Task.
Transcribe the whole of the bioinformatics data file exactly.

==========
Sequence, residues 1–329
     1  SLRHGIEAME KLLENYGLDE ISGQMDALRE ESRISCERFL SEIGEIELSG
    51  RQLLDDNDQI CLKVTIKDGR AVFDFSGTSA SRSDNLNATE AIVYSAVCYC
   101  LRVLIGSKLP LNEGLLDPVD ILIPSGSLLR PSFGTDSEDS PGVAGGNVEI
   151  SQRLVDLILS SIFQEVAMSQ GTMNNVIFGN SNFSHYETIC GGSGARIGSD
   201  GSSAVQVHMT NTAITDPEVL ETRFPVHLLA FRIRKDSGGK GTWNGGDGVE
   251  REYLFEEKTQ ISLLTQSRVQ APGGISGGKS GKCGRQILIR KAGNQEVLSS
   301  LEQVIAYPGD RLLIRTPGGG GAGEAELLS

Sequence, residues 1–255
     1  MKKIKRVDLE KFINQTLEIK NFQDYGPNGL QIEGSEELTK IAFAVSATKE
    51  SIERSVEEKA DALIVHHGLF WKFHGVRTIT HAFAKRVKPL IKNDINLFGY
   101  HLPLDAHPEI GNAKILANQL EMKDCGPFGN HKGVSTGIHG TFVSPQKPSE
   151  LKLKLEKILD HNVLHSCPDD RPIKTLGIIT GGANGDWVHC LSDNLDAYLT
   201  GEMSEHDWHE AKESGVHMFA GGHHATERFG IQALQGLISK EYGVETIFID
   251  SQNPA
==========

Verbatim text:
Sequence, residues 1–329
     1  SLRHGIEAME KLLENYGLDE ISGQMDALRE ESRISCERFL SEIGEIELSG
    51  RQLLDDNDQI CLKVTIKDGR AVFDFSGTSA SRSDNLNATE AIVYSAVCYC
   101  LRVLIGSKLP LNEGLLDPVD ILIPSGSLLR PSFGTDSEDS PGVAGGNVEI
   151  SQRLVDLILS SIFQEVAMSQ GTMNNVIFGN SNFSHYETIC GGSGARIGSD
   201  GSSAVQVHMT NTAITDPEVL ETRFPVHLLA FRIRKDSGGK GTWNGGDGVE
   251  REYLFEEKTQ ISLLTQSRVQ APGGISGGKS GKCGRQILIR KAGNQEVLSS
   301  LEQVIAYPGD RLLIRTPGGG GAGEAELLS

Sequence, residues 1–255
     1  MKKIKRVDLE KFINQTLEIK NFQDYGPNGL QIEGSEELTK IAFAVSATKE
    51  SIERSVEEKA DALIVHHGLF WKFHGVRTIT HAFAKRVKPL IKNDINLFGY
   101  HLPLDAHPEI GNAKILANQL EMKDCGPFGN HKGVSTGIHG TFVSPQKPSE
   151  LKLKLEKILD HNVLHSCPDD RPIKTLGIIT GGANGDWVHC LSDNLDAYLT
   201  GEMSEHDWHE AKESGVHMFA GGHHATERFG IQALQGLISK EYGVETIFID
   251  SQNPA